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.... They don't really know the pain levels in people nor the weird feelings they have in their bodies so they just want to put a bandaid on the problem rather than helping find and truly fix the problem....
Oohhhh hell, I could not agree more with this statement. The amount of 'fun and games' I've with these so called 'medical professionals' annoys me to the extreme. It was once said to me "we know, we understand pain" but understanding and having to manage such pain are two totally different things. I also had a nurse ask me to give her a pain rating out of 10. I said 15, as I lay on a bed clutching my head in agony post surgery. "Ohh it can't be that bad" she said. So I told her to lay on the floor and I'd kick her in the head. "There's no need to be so offensive" she told me, to which I replied "Then stop making stupid bloody statements when you can see that I'm in agony".
As for the 'weird feelings', I have a plethora of these from tingles to sweats to numbness etc and when Dr's can't name or label the cause they use a fallback position of "It must be you..." ie its psychological "...here take a tablet"
I have in the past openly questioned drs about the surgeries being the cause, but I'd STRONGLY recommend not doing this as they become instantly defensive.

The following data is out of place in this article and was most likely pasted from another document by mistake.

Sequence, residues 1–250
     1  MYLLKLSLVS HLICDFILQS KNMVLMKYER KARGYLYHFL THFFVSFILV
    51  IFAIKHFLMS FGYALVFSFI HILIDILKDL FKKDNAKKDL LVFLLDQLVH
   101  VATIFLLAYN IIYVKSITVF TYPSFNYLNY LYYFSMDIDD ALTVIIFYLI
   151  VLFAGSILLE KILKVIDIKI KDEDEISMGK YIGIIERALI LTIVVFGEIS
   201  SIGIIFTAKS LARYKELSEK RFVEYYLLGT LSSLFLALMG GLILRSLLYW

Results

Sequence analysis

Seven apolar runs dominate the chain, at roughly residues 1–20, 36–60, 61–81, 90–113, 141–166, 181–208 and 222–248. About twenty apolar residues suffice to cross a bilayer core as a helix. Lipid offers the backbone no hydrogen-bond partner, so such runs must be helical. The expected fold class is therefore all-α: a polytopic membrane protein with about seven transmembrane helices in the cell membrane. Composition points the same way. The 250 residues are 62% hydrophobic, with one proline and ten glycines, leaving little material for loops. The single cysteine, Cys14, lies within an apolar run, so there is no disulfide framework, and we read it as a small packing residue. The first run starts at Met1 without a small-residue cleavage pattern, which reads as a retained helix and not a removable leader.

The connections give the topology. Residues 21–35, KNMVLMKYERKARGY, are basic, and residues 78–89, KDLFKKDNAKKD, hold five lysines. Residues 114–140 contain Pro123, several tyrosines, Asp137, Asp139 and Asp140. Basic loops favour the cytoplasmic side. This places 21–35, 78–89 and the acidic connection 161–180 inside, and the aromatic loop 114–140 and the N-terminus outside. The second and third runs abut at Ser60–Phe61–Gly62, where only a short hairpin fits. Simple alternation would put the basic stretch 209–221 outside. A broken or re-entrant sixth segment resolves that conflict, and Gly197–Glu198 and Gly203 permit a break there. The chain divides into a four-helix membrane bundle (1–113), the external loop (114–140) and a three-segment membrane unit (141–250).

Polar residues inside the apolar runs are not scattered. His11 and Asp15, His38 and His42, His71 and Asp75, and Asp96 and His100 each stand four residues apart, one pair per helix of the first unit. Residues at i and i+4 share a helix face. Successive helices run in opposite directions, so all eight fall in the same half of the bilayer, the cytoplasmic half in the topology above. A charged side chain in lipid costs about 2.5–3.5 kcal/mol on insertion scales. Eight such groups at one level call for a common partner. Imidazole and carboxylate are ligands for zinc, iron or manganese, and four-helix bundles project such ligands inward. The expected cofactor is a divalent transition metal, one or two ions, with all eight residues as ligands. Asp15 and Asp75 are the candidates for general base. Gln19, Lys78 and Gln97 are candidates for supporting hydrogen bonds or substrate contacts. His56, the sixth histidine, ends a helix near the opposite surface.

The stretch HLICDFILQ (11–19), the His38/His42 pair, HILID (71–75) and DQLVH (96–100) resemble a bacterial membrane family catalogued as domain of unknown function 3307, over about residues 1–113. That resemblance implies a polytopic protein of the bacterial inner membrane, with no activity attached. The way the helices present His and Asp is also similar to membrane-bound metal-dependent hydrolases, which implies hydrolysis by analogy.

Conflicting diagnosis' are not unusual. I presently have a neurologist who I have seen 8 times and have been given 5 different diagnosis' by him. It was explained to me by a fellow patient like this: They treat the body like a manmade machine, where they 'fix' an individual component. Broken component, replace the component. But this ain't a replaceable component, so they treat known symptoms (where they can) then blame the machine when the fix doesn't work.
I do truly hope/wish/pray that all goes well with your daughters appointment, that the scan is completed. And that they can find a cause and solution. But please don't lose heart if they can not (I make that sound easy. HA. It is not) but keep trying to find answers for yourselves

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Old 08-20-2015, 01:54 PM   #15
sharonhartley50
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So I told you I'd give you an update after our MRI and follow up.
Well, she does not have Dandy Walker Syndrome any longer she out grew it so the neurosurgeon said. But they were looking for Arnold Chiaria malformation due to her symptoms. Well her cerebellar tonsils are oblongated and have gone through the hole in the skull where the spinal cord comes through to the brain. I can't remember their length at this moment. She has scoliosis and many other of the symptoms that go hand in hand with CM but the neuro said I'm not diagnosing her with that. He suggested we go back to the neurologist we had seen and that he would send his findings over to him.
The neurologist put her on amatriptyline( spelling) to be taken at night before bed. Insomnia is another symptom of CM as well as bladder control which she has problems with peeing, sometimes 40 times a day.
She does have straight hydrocephalus but now it's not caused by a dandy Walker cyst, so we're back to finding out if she does now have Chiaria Malformation and finding treatment for that.


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Old 06-10-2017, 10:52 AM   #16
Norah95
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Default Abdominal and shoulder pain after VP shunt

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Hi,